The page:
To understand the hazy atmosphere on these planets, scientists must understand the composition of their atmospheres. Although Uranus’ atmosphere is vibrant blue, it is also a pale cyan color. The haze particles in Uranus’ atmosphere make the planets appear whiter. This can explain the different color of the two planets. This is the first model to explain the difference between them. It is also the first to explain the differences in haze particles between Neptune and Uranus.

The hazy atmosphere on the two blue planets may be the cause of their blue skies. In the meantime, scientists are working on finding a reason for the haze on Uranus’ atmosphere. Scientists believe that methane-based clouds are responsible for hazes on the two planets. This explanation is more likely to be correct than we think. This new theory may be useful in understanding the atmospheres of some blue planets.

Radiation

The azure blue color of Jupiter, our closest neighbor to the sun, is not due to its tropical ocean. Its color is due to the turbulent atmosphere that is laced with silicate particles that scatter blue light. This pattern has already been observed from earlier observations, but Hubble’s new data provides robust confirmation. The researchers also believe that water vapor is the primary source of the planet’s blue hue.

In the solar system, the UV radiation from the Sun separates water molecules into oxygen and hydrogen. Two light hydrogen atoms escape into space while the highly reactive oxygen atom heads the other way. These free oxygen atoms rapidly oxidize any metallic minerals on the surface. On the other hand, the radiation from the Sun can damage living organisms. Thus, scientists believe that a blue planet might be more dangerous to life than Earth.

In addition to being able to observe Earth’s X-rays, scientists have also discovered radiation from stars that orbit other planets. While the Sun emits the strongest X-rays, other stars produce a higher EUV and UV flux. Its atmosphere also behaves similarly to Jupiter and Saturn, so scientists were surprised by the finding. The discovery of an additional source of radiation on Uranus could have major implications for our understanding of the blue planets.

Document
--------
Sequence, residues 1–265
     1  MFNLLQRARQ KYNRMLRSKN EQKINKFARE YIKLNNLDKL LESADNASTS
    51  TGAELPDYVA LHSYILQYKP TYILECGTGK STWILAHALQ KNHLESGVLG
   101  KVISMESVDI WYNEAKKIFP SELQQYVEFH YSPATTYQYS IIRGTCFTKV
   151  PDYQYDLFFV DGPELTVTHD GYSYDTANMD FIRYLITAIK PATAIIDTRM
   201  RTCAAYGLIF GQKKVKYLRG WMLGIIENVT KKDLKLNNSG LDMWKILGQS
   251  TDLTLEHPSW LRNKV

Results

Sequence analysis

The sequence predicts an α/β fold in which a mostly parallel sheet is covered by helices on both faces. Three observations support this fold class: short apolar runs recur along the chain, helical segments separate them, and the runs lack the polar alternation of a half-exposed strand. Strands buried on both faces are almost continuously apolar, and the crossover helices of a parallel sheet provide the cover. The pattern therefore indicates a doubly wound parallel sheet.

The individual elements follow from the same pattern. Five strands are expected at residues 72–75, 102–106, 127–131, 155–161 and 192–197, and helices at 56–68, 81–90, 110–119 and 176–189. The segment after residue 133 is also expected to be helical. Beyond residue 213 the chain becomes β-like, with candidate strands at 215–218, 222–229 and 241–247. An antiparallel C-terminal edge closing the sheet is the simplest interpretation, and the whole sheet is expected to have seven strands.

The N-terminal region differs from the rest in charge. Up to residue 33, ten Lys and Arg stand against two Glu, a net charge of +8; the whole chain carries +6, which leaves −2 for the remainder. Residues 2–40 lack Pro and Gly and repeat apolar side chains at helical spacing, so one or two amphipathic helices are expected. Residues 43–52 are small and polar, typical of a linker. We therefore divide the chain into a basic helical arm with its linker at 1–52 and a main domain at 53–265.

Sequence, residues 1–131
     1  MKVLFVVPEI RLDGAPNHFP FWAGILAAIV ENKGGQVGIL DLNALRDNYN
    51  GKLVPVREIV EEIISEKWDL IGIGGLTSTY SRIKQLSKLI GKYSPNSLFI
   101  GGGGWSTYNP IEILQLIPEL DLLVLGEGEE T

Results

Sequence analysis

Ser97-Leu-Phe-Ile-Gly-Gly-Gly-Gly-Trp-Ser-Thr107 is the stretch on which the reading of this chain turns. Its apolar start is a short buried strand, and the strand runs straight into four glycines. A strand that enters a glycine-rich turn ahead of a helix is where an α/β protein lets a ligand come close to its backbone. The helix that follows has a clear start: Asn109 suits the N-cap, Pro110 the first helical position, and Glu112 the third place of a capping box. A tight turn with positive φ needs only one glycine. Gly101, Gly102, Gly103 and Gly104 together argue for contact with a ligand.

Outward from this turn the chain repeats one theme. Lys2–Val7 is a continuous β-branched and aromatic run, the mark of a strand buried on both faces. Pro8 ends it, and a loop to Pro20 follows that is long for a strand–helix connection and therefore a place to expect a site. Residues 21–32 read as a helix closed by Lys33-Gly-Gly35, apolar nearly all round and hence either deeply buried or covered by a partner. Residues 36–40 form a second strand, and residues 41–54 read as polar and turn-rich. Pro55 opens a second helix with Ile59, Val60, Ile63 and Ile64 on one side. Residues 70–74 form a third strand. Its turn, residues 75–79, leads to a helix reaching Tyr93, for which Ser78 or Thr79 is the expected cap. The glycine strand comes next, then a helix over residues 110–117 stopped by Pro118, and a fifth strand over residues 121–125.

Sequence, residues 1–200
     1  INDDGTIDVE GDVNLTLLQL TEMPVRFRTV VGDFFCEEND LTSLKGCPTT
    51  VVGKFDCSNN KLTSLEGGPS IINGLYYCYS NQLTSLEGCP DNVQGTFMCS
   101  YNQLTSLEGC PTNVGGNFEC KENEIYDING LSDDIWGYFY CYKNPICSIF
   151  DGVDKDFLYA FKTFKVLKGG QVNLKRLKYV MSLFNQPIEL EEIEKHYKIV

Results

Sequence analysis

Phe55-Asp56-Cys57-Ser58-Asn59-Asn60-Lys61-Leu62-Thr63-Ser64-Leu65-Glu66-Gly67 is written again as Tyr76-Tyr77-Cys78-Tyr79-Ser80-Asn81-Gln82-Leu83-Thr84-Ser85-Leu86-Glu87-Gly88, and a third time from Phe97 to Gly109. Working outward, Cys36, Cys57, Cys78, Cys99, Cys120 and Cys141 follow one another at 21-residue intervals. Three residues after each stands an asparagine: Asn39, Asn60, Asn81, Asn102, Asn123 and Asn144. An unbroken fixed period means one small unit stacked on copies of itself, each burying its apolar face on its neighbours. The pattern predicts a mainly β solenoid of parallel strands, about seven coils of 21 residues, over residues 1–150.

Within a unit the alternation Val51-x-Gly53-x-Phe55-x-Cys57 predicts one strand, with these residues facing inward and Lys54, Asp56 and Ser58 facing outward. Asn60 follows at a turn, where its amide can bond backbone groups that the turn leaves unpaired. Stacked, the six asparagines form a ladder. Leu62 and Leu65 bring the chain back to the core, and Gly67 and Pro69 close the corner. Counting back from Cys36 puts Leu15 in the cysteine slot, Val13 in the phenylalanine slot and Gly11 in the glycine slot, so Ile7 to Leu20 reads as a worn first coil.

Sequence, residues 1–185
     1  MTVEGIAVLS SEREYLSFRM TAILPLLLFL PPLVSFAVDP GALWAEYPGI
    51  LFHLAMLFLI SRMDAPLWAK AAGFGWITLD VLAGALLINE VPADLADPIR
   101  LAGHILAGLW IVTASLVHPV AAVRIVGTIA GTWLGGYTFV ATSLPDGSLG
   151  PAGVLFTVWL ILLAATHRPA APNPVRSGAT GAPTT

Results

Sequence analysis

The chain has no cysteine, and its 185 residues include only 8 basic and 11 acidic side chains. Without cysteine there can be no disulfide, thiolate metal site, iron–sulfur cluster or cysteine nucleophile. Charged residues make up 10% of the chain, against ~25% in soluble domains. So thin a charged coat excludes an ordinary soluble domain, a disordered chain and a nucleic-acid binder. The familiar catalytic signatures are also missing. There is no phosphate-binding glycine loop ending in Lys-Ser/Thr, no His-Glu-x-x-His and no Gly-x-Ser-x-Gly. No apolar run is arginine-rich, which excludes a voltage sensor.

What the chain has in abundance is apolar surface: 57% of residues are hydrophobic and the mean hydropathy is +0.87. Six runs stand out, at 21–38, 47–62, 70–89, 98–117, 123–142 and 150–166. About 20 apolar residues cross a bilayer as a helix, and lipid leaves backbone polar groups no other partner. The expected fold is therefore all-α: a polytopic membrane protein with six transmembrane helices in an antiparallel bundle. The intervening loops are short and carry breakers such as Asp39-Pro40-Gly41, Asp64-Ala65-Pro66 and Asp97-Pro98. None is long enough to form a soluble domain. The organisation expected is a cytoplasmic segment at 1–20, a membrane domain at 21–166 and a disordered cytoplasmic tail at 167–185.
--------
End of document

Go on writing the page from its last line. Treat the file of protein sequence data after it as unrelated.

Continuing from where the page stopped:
Astronauts living on space stations are exposed to higher doses than other people. These astronauts orbit Earth at a distance of 400 km. Their exposure to radiation is so high that astronauts would receive the same amount of radiation as air crew in 12 days. In fact, national space agencies have already established career dose limits for astronauts. Various studies have indicated a connection between the astronauts’ exposure to radiation and certain types of cancer or tissue reactions. However, these findings are not conclusive, due to the small sample sizes.

Distance from host star

The azure hue of the Blue Planet HD 189733b is not a reflection from the ocean, but the result of a turbulent atmosphere laced with silicate particles that scatter blue light. Scientists believe this planet is a hot Jupiter, similar to Earth in its size and mass, and it lies close to its host star. The distance between the planet and the star is roughly nine light-years.

The distance between the planet and its host star is very close to the limit of the extended habitable zone. This limits the distance of the Blue Planets from their host stars to 0.17 light-years, or about one billion kilometers. Such a distance is too close for the Solar System to terraform B-type stars. Objects in the Kuiper Belt, however, should be very far from these stars.

To detect exoplanets, researchers use the radial-velocity method. During a transit, a planet’s star will move in a circle or ellipse, responding to the gravitational tug of a smaller companion. The resulting movement will alter the normal spectrum of the star. The light from the star will be shifted toward shorter wavelengths, while that from its other side will be red-shifted.

The distance to the habitable zone is huge, but scientists have predicted that some blue planets may be inhabited within a few billion years. The Internet Stellar Database has information on possible orbits of blue planets and the visual comfort zone. Rigel and Deneb would be far from Earth, but their orbital period is 669 years and 829 years, respectively. If Rigel and Deneb were to orbit the star, the center of the habitable zone would be much farther away than the current limit.